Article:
VaYYfr II q q I I aa ba9

where q, = (x,, yi) is the ith vehicle's coordinate and qvk = (xVk, yvk) is the kth virtual vehicle's coordinate with m the number of virtual vehicles needed to conduct the group geometry, aa, ba, ap, bp> 0 are design parameters with aa < ba and ap< bp, and || • || denotes the vector Euclidean norm.

The potential Va in (9) is presenting the interactions between vehicles. From (9), it is easy to see that the desired geometry of the vehicles group is a certain net of regular triangles with vehicles located at the vertices and all side lengths are equal to aa . If any two vehicles are apart from each other more than ba, then there is not any cohesion between them. For (9) to be applicable, for each vehicle, all other vehicles' information including position and velocity information should be available. However, in some practical cases, this may not be available. Instead, only the information of the vehicles in its neighbour is available. In this case, the potential function can be chosen as

where N (qi) denotes the neighbour of the ith vehicle and is defined as

N(qt) = q :|| qj -qt ||< ba, j * i, j = 1,-,n}. (12)

In order to make Va be smooth, in (11), it should be chosen that aa = ba . In (10), the potential function Vp is for the interactions between vehicles and virtual vehicles. Here the virtual vehicles are introduced to construct the geometry of the vehicles schooling. Moreover, these virtual vehicles are used to guide the group navigation, which will be discussed in details in the next subsection. In other word, these virtual ones lead the group to follow a given desired motion. From this point of view, these virtual vehicles are also called as virtual leaders. Different arrangements of these virtual leaders can lead to different geometry of the schooling, see Fig. 3.

3.2 Group navigation

In the literature, group navigation is usually led by certain leaders, which can be some specific actual agents (Guo et al., 2004; Edwards et al., 2004) or some virtual ones (Leonard & Fiorelli, 2001; Olfati-Saber, 2006). The group movement can be guided through properly designing the reference paths for these virtual leaders. As aforementioned, in this chapter we apply the virtual leader concept to guide the group navigation.

Assumption 2. All virtual leaders move with the same velocity ulv and same heading yh . Moreover, we have uh .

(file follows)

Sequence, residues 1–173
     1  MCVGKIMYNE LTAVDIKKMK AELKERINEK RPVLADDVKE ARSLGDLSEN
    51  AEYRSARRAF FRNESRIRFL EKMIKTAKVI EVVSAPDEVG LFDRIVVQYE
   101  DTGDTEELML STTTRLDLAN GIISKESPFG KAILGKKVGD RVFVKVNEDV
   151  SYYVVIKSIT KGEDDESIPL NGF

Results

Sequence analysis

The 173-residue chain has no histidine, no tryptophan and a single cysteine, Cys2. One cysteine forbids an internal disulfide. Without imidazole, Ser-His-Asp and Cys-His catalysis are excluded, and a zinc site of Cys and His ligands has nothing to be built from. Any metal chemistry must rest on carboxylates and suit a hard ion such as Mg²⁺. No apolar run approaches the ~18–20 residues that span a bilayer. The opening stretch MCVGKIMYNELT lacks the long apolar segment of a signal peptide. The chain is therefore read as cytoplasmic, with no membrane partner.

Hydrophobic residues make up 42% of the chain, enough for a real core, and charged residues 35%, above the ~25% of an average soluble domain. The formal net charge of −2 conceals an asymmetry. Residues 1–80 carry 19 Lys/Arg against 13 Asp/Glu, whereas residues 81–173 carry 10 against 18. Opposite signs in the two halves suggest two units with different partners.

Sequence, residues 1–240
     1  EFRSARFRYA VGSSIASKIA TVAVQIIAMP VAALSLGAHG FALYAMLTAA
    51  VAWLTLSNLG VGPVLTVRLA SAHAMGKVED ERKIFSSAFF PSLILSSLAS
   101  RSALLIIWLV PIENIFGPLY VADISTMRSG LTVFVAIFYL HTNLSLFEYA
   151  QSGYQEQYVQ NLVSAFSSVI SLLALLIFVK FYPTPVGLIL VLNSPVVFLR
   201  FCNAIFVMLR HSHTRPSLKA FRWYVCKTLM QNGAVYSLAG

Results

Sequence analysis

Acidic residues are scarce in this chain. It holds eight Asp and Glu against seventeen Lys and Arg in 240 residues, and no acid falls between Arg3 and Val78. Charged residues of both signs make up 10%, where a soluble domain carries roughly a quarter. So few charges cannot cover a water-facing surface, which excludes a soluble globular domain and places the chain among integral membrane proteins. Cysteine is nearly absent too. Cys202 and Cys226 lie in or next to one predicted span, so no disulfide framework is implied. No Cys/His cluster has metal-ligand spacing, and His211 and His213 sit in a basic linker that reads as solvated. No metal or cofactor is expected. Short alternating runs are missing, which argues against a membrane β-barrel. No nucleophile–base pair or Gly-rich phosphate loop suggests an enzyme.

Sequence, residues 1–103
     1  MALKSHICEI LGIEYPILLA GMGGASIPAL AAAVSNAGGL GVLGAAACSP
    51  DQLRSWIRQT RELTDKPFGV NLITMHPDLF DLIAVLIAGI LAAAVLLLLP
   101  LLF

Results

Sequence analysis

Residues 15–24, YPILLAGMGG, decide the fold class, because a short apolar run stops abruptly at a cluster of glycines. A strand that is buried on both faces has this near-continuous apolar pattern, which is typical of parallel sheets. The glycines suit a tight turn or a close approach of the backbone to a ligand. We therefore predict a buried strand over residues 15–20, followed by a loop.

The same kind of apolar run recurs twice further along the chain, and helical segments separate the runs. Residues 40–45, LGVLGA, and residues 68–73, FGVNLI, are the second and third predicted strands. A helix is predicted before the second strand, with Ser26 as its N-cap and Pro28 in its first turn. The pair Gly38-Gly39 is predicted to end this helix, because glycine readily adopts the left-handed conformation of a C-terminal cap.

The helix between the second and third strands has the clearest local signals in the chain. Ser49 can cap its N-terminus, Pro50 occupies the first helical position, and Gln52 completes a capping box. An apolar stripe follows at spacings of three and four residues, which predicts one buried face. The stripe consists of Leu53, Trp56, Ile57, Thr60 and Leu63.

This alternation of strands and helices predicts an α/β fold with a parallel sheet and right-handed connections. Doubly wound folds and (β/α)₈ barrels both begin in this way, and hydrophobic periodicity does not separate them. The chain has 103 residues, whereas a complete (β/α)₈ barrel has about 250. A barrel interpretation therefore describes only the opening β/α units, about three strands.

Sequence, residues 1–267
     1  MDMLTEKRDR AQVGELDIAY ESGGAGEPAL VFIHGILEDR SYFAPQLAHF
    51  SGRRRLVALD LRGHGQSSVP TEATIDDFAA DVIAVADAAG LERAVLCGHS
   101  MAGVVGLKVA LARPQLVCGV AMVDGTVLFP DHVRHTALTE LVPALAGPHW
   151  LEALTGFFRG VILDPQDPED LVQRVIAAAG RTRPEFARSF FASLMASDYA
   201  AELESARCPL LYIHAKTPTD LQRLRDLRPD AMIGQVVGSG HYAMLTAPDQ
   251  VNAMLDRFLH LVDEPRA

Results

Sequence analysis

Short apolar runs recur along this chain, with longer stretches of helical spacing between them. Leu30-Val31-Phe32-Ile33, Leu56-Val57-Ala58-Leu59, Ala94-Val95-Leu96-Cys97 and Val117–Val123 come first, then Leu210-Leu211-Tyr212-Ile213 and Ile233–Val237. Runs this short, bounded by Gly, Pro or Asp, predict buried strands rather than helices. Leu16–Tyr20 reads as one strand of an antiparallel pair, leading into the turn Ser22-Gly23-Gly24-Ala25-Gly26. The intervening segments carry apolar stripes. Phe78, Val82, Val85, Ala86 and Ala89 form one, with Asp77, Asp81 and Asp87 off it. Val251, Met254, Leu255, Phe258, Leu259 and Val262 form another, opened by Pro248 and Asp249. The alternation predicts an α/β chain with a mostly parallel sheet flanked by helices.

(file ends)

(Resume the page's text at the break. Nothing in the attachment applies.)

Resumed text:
In fact, these virtual leaders can take any complicated motions, which in turn can lead to various geometry of the schooling. However, the focus of this chapter is taken on that to propose a stable schooling for a group of underactuated underwater vehicles. Therefore, for the convenience of discussion, in this chapter we only consider a simple case where all virtual leaders take the same velocity and heading. Corresponding potential function is chosen as following

Fig. 3. Different arrangements of virtual leaders lead to different geometry of schooling.

From (13), it is easy to see that the purpose of potential Vgn is to force the group to keep velocity and heading matching in terms of uu and j .

3.3 Obstacle avoidance

All obstacles considered in this chapter are position fixed. Modelling of these obstacles is as Fig. 4. Inside the circle centred at the ith vehicle qt with radius by, each obstacle block is modelled as the point from which to qt is the shortest. In Fig. 4, B1 and B2 which are two parts of the same obstacle B are considered to be independent and modelled as two different points qt 2 and qt 3. Also, it is notable that the same obstacle such as B in Fig. 4 can be modelled as different points according to different vehicles.

Fig. 4. Obstacle modelling.

Vehicle's obstacle avoidance is also guided by the following potential functions

where Q (qi) is a subgroup of obstacle points defined as following

From obstacle avoidance point of view, there is not any need to have cohesion between vehicles and obstacles. For this reason, in (14), we design the parameters such that ay= by . As aforementioned, in this chapter the group navigation is guided by the virtual leaders. Therefore, the vehicles' obstacle avoidances also have to be strongly related to the motion of virtual leaders. For this reason, we make the following assumption on the motion of the virtual leaders.

Assumption 3. All virtual leaders are designed to satisfying the following conditions.

C6. For any given obstacle, after a certain period of time, all virtual leaders always move away from this obstacle.

C7. After a period of time such that min II qvk - qt II> bp + by , if one or more vehicles are still trapped by obstacles, in other word, Vk , II qv k - q, II> bp with q, the trapped vehicle, then all virtual leaders (smoothly) stop movement so that qv k = 0 . Otherwise, C6 still satisfies.

Remark 4. From C7 in Assumption 3, we can see that the obstacle avoidance scenario introduced in this chapter cannot guarantee all vehicles to flee from any given obstacles. Instead, we only try to guarantee the vehicles to collision-free with obstacles. For example, as in C7, if one or more vehicles are trapped by obstacles, then we force these vehicle to stop movement so as to avoid collision with obstacles. In fact, obstacle avoidance is still being a complicated and open issue in the practical robotics. How to guide the group to move through the obstacles is out of the scope of this chapter.

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